The steps in the flow chart of the FIG. 6 are as follows:
step a—partitioning an executable program into block based data;
step b—rotating the block based data to scramble original data addresses and form new data addresses;
step c—assigning new data addresses to the rotated block based data; and
step d—storing the rotated block based data, using the new addresses, into the flash memory 10.
[Read Operation]—can be Considered as Data Decoding:
A random number generator 32 is used to generate a random number sequence such that the rotated block based data can be retrieved from the flash memory 10 in accordance with the random sequence and temporarily stored in a buffer (e.g., SRAM). The random sequence space will include the required read address ranges plus some dummy accesses address space. Since the retrieved data contain the original data as well as dummy data, they must be filtered to screen the dummy data. Using a decoder 33, the dummy data and corresponding addresses are cleared. By reversely rotating the filtered data, the original data and addresses can be obtained such that the executable program can be executed by the MCU or DSP. As a result, it would be difficult to decipher the randomly retrieved data, especially with dummy data incorporated therein.
The steps in the flow chart of the FIG. 7 are as follows:
step a—generate a sequence of random numbers using a random number generator 32;
step b—retrieve data in the flash memory based on the random number sequence from step a and store the retrieved data into a buffer;
step c—filter retrieved data stored in the buffer 34 to screen dummy data; and
step d—reversely rotate the filtered data to uncover the original addresses and recover the original data.
Moreover, in the read operation, a key 35 in the data memory security chip 30 is used to reflect a particular address mapping sequence such that useful data can be distinguished from useless data. The key 35 can be alternatively stored in a smart card.
Due to linear incrementation of the program addresses, one simple way to prevent unauthorized access is to switch each real address with a random address, thereby forming a series of random addresses in the microchip 40.
As shown in the FIG. 8, a program from the MCU is stored in the register 41 of the microchip 40 in BYTE units. Within the microchip 40, there is also a programmable read-only memory (PROM) 42 or a small flash memory. As described above, it is difficult and expensive to incorporate a large flash memory 10 into the chip 40. However, it is much simpler to manufacture a small PROM 42. The random codes from the random number generator 43 can be written into the PROM 42 in order to create a conversion table (not shown) for controlling exchanges of the corresponding addresses. The data corresponding to the original addresses are retrieved, rotated, and then stored in the flash memory 10. As a result, data retrieved in an unauthorized manner would be useless, and the flash memory is secured against the unauthorized access or alteration. Additionally, due to the random number generator 43, the converting table in each microchip 40 is different. Accordingly, the original data in the flash memory can be masked in different ways.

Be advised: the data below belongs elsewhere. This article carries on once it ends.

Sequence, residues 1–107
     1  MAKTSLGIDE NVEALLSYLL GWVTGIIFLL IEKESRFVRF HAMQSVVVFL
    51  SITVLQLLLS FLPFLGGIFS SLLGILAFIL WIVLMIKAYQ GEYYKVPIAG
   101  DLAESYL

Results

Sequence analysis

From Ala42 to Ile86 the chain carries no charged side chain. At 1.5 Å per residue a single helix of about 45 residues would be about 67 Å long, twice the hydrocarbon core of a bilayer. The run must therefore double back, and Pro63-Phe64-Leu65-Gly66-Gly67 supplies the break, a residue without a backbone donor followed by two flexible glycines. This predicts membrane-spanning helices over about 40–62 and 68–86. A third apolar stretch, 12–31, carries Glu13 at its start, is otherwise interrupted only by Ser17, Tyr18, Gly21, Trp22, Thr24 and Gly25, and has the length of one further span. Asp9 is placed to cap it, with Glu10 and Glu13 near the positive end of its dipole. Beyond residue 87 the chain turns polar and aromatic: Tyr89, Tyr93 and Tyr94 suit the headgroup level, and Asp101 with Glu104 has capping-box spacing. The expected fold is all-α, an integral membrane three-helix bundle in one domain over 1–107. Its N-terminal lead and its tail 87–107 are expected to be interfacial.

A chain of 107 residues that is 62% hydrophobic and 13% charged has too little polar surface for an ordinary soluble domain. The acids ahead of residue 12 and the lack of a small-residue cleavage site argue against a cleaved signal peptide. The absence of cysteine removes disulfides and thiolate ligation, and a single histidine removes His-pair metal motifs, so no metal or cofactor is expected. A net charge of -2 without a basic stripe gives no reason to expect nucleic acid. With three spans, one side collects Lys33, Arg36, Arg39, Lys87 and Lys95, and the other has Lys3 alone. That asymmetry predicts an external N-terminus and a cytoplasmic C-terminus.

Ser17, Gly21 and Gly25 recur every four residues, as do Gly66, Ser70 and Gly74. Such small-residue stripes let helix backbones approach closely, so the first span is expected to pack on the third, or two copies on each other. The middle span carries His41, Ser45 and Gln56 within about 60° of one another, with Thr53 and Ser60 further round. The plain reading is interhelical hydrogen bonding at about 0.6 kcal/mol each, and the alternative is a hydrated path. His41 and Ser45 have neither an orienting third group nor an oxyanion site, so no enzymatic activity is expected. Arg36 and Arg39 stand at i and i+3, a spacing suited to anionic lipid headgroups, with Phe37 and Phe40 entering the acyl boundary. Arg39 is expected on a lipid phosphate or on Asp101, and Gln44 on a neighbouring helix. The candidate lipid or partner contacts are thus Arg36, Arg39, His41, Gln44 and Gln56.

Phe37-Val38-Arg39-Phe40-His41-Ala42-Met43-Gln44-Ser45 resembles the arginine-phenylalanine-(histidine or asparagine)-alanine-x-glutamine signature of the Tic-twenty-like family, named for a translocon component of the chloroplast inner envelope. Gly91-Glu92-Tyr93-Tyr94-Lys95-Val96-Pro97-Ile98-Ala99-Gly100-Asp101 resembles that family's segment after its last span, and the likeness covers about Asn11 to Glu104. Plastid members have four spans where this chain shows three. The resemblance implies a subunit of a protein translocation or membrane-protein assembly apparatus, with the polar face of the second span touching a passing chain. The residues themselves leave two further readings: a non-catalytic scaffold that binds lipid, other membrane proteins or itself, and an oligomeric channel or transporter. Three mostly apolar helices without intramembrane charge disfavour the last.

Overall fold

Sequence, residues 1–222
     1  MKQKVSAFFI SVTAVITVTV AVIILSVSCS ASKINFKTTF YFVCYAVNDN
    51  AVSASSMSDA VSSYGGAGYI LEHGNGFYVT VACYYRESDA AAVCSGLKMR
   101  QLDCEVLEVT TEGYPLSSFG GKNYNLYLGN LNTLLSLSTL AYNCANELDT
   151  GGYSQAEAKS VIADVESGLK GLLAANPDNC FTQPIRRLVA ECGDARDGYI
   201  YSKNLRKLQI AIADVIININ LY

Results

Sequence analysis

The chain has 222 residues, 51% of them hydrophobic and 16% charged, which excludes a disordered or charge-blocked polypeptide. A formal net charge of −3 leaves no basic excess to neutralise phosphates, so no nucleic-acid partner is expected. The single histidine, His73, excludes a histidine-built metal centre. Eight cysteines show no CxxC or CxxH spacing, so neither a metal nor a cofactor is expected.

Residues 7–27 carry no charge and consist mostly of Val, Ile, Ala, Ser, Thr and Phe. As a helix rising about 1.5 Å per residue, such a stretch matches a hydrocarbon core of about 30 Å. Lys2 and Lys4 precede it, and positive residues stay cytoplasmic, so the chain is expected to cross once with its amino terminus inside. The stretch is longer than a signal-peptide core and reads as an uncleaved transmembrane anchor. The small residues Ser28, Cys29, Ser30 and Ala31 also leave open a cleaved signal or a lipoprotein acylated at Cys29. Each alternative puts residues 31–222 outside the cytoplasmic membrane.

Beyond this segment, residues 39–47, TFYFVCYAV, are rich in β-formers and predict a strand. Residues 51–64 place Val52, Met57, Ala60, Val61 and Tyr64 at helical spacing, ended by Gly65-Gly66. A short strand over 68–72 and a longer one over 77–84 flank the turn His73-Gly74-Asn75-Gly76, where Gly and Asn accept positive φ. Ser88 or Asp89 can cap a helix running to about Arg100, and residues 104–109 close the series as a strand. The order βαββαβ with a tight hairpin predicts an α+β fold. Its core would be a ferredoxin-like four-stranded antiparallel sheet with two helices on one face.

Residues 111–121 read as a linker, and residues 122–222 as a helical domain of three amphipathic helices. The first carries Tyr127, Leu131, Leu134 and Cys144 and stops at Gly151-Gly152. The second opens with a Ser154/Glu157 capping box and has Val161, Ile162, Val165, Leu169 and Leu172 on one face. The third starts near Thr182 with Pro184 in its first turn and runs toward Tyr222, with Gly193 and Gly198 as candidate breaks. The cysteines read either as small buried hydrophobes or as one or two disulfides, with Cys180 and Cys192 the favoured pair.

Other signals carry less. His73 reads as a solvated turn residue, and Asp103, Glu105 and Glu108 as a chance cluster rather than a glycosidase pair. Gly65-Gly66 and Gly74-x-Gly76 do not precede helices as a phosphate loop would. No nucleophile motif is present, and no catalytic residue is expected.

Moreover, original addresses can also be complemented prior to switching in order to increases the level of encryption.
An illustration (4×4 bits) is shown in FIG. 9. A3 through A0 are the original addresses, m3 through m0 are the random addresses. The arrow in FIG. 9 indicates the relationship between these two types of address.
A3, A2, A1 and A0 correspond to 0011, 0010, 0001 and 0000, respectively. Using the original addresses for complementary calculations, then m3=A2, m2=A0, m1=A3, m0=A1 such that m3=0110, m2=0010, m1=0111, and m0=0011, which are the new addresses in the flash memory 10. Such operation would further deter unauthorized data access.
During data retrieval, the converting table stored in the PROM 42 is used to recover the original data.
Moreover, even though data stored in the flash memory 10 is read first by a computer after it is first turned on, data is read sequentially thereafter. As such, one way to increase the decryption difficulty is to use the random number generator 43 in the read operation to introduce unnecessary (dummy) data into the retrieved data, thereby causing a false reading as to further deters unauthorized data access.
As described above, this invention provides a method and apparatus for securing data contents stored in a non-volatile memory. Using the concept of address scrambling and random sequence, new combination of data addresses can be formed. As a result, original data cannot be recovered without the recovering method stated above. Indeed, the present invention provides a novel and effective way to solve the prior art problem of data security in the flash memory.
It is intended that the specification and examples be considered as exemplary only. Other embodiments of the present invention will be apparent to those skilled in the art upon consideration of the specification and practice of the present invention disclosed herein, with a true scope of the present invention being indicated by the following claims.
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|U.S. Classification||380/57, 713/190, 711/E12.092|
|International Classification||G06F12/14, G11C16/22|
|Cooperative Classification||G11C16/22, G06F12/1408, G06F2212/2022|
|Mar 28, 2007||AS||Assignment|
Owner name: GENETICWARE CO., LTD, VIRGIN ISLANDS, BRITISH
Free format text: ASSIGNMENT OF ASSIGNORS INTEREST;ASSIGNOR:HOU, CHIEN-TZU;REEL/FRAME:019077/0638
Effective date: 20070316
|Mar 24, 2008||REMI||Maintenance fee reminder mailed|
|Sep 14, 2008||SULP||Surcharge for late payment|
|Sep 14, 2008||FPAY||Fee payment|
Year of fee payment: 4
|May 19, 2009||AS||Assignment|
Owner name: OPEN INVENTION NETWORK LLC, NORTH CAROLINA
Free format text: ASSIGNMENT OF ASSIGNORS INTEREST;ASSIGNOR:GENETICWARE CO., LTD.;REEL/FRAME:022703/0339
Effective date: 20070323
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Year of fee payment: 8
|Apr 22, 2016||REMI||Maintenance fee reminder mailed|
|Sep 14, 2016||LAPS||Lapse for failure to pay maintenance fees|
|Nov 1, 2016||FP||Expired due to failure to pay maintenance fee|
Effective date: 20160914